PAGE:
7 Things to Know before Buying a Wireless Router for Your Home


The days of the dial-up internet are long gone—so are the tormenting dial-tones we were subjected to, upon holding the landline phone receiver against our ears. Much to our pleasure, wireless router has made possible what was next to unimaginable back in the day—having unlimited access to the world of the internet from not just our laptops and desktop computers but also our mobile phones, tablets, and iPads among other gadgets.

Wireless router
Wi-Fi Router Photo from Shutterstock

Almost everyone, today, has set up a wireless router in their homes. For those who have yet to buy their wireless routers, it is very important to know a few pre-requisites—not to mention installing the Wi-Fi router properly is as important as is buying the right one.

Choosing Right Wireless Router

A few tips that can help you choose the right wireless router are:

1. Assessing the Signal Strength

For a proper wireless access to the internet all through your home, it is very important that you assess the signal strength beforehand. Manufacturers often mention the signal strength specifications; however, it is best not to rely on the mentioned ratings and actually see for yourself how the signal strength of a router varies across every single room of your house or office. It has very often been observed that even the best and latest of routers fail to provide enough signal strength all over, even, the smallest of apartments. A great way to go about it is to consider removal of any obstacles that lie in the path of the router.

Wi-Fi Signal strength

2. Deciding on the Speed

Before buying your wireless router, ensure that it will be in sync with your already existing internet connection; in other words, the router should be able to lend your DSL or cable-internet ample support.  All the latest routers provide around 600 Mbps of speed, on paper. Ask around if all your devices are compatible with the 802.11N standard. If no; you would better off with an 802.11G router instead. Using unsupported devices will ultimately bring down the effective speed significantly, much to your displeasure.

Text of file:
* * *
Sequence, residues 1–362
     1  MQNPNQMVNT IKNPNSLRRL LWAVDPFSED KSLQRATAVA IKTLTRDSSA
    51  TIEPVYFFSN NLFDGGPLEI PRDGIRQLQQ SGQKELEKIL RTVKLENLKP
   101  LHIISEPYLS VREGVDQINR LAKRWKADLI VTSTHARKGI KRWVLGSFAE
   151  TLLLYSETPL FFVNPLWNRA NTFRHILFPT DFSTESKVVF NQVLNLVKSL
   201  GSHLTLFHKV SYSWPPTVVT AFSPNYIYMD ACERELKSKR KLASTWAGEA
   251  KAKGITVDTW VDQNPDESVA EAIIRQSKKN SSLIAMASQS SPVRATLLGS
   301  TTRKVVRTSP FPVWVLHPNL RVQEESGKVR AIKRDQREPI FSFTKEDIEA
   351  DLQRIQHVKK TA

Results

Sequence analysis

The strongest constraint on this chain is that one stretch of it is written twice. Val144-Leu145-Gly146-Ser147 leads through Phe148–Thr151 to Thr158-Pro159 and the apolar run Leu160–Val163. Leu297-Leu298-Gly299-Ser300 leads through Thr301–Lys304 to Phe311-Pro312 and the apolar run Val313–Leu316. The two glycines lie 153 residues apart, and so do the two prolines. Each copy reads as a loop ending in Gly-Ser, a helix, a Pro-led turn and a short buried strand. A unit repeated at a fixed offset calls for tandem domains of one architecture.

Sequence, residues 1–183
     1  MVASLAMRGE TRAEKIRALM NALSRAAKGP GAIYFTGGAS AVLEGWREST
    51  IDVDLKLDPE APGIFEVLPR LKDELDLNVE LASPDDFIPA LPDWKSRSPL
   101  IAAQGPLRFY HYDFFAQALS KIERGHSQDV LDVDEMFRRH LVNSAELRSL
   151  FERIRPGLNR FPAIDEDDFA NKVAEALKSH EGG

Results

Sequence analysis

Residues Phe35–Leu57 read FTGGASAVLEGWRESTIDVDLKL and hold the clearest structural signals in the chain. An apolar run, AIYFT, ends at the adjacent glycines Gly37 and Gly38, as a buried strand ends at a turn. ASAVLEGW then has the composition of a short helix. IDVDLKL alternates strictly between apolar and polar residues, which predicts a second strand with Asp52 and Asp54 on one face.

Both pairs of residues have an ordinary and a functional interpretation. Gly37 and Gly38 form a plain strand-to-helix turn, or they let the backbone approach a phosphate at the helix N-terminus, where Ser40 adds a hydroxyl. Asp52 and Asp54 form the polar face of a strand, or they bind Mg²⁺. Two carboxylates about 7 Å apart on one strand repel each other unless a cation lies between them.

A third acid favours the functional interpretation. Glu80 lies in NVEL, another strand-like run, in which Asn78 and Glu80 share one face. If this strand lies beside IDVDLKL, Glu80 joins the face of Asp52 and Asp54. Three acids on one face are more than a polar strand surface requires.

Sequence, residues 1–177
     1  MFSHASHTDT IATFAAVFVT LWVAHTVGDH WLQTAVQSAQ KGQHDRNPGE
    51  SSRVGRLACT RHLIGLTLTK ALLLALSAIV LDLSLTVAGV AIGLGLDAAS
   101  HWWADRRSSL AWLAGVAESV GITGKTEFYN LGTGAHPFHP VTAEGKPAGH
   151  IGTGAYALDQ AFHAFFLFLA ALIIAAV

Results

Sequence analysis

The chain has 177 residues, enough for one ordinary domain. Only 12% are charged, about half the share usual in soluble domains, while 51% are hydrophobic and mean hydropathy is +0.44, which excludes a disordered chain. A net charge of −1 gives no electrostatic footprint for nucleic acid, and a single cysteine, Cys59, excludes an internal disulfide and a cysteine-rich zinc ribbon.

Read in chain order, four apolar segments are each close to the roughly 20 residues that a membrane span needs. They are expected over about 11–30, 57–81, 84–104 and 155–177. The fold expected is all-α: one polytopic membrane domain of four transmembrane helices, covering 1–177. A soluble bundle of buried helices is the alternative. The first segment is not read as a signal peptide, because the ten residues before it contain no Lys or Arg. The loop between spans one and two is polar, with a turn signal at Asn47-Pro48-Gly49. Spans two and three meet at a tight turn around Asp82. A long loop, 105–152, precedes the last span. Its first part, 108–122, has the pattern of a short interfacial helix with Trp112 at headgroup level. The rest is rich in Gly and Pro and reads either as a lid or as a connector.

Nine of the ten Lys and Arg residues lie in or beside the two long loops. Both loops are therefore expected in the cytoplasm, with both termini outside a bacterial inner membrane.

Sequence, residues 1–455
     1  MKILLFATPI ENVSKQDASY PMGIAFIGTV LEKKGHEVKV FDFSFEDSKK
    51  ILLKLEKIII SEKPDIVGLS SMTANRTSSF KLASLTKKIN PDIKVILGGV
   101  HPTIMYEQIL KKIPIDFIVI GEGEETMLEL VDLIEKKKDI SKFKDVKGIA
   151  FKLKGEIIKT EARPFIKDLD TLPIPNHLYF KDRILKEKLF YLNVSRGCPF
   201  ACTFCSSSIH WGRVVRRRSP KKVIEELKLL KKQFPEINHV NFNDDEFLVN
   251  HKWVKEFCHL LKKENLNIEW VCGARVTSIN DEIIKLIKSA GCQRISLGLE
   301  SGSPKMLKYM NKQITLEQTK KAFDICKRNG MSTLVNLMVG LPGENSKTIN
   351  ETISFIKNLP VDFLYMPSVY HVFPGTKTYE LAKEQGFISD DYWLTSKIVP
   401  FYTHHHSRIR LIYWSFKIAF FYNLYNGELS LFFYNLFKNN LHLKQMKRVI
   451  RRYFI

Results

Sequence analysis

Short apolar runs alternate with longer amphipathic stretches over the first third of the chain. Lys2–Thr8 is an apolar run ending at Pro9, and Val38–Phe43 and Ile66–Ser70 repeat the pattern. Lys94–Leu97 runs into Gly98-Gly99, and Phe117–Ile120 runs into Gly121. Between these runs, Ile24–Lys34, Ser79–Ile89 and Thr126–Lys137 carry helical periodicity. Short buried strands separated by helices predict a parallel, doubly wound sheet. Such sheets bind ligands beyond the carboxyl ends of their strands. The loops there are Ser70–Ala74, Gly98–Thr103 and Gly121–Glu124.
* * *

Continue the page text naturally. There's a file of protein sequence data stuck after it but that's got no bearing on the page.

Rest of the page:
If your requirement is such that you can’t do without using both G and N-type devices simultaneously, then you’d definitely have to choose a dual-band router so as to avoid interference and the resultant slowing down of the speed.

3. Assessing and Testing the Equipment

A real-life range-test of the few models your have zeroed-in on should give you a good idea of how well the wireless router is going to turn out to be, for your specific setting. Many websites help you assess the results of the speed throughput test.

Internet speed

4. Opting for the Latest Encryption Methodology

You definitely don’t want anybody within the Wi-Fi range accessing your paid-for facility at leisure and eating up on your bandwidth, do you? The solution to your problem is securing your network with the right encryption methodology.  There are so many ways to provide a secure network to Wi-Fi router. Here, the most popular way of ensuring the right encryption is to use WPA.

Wireless setup

5. Keeping Compatibility Issues in Mind

The most overlooked trick is to choose the same wireless-router brand as that of your existing network cards.  This compatibility plays a vital role in your being able to select the perfect wireless router to meet your internet needs.

6. Assessing Customer Support

What use would a wireless router be if you are facing connectivity problems and no customer support is available to help you fix your issue? The wisest thing to do would be only to go for a popular manufacturer of the wireless provider of the internet!

7. Comparing Warranties

Needless to say, you don’t want your precious little piece of investment to fault more often than it ought to. Buying a wireless router that stands guarded for at least a given span of time, is thus your best bet. Typically, the top brands offer the best warranties and are also best for trouble-free operation.

You can give wireless routers manufactured by Tenda, TP-link, Linksys, and Netgear a try.



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